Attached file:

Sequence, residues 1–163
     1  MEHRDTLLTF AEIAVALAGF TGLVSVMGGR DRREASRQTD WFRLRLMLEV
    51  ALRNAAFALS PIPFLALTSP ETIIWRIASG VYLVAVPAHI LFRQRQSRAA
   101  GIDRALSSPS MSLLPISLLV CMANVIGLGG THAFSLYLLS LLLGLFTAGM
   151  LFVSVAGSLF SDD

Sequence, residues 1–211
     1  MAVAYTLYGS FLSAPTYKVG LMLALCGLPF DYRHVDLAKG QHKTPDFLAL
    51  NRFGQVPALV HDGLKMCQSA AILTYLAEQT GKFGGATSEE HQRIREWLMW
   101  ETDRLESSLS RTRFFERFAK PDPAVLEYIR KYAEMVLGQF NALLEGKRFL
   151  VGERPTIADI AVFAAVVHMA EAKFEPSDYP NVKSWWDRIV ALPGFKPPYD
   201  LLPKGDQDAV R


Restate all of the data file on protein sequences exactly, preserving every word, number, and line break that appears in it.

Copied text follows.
Sequence, residues 1–163
     1  MEHRDTLLTF AEIAVALAGF TGLVSVMGGR DRREASRQTD WFRLRLMLEV
    51  ALRNAAFALS PIPFLALTSP ETIIWRIASG VYLVAVPAHI LFRQRQSRAA
   101  GIDRALSSPS MSLLPISLLV CMANVIGLGG THAFSLYLLS LLLGLFTAGM
   151  LFVSVAGSLF SDD

Sequence, residues 1–211
     1  MAVAYTLYGS FLSAPTYKVG LMLALCGLPF DYRHVDLAKG QHKTPDFLAL
    51  NRFGQVPALV HDGLKMCQSA AILTYLAEQT GKFGGATSEE HQRIREWLMW
   101  ETDRLESSLS RTRFFERFAK PDPAVLEYIR KYAEMVLGQF NALLEGKRFL
   151  VGERPTIADI AVFAAVVHMA EAKFEPSDYP NVKSWWDRIV ALPGFKPPYD
   201  LLPKGDQDAV R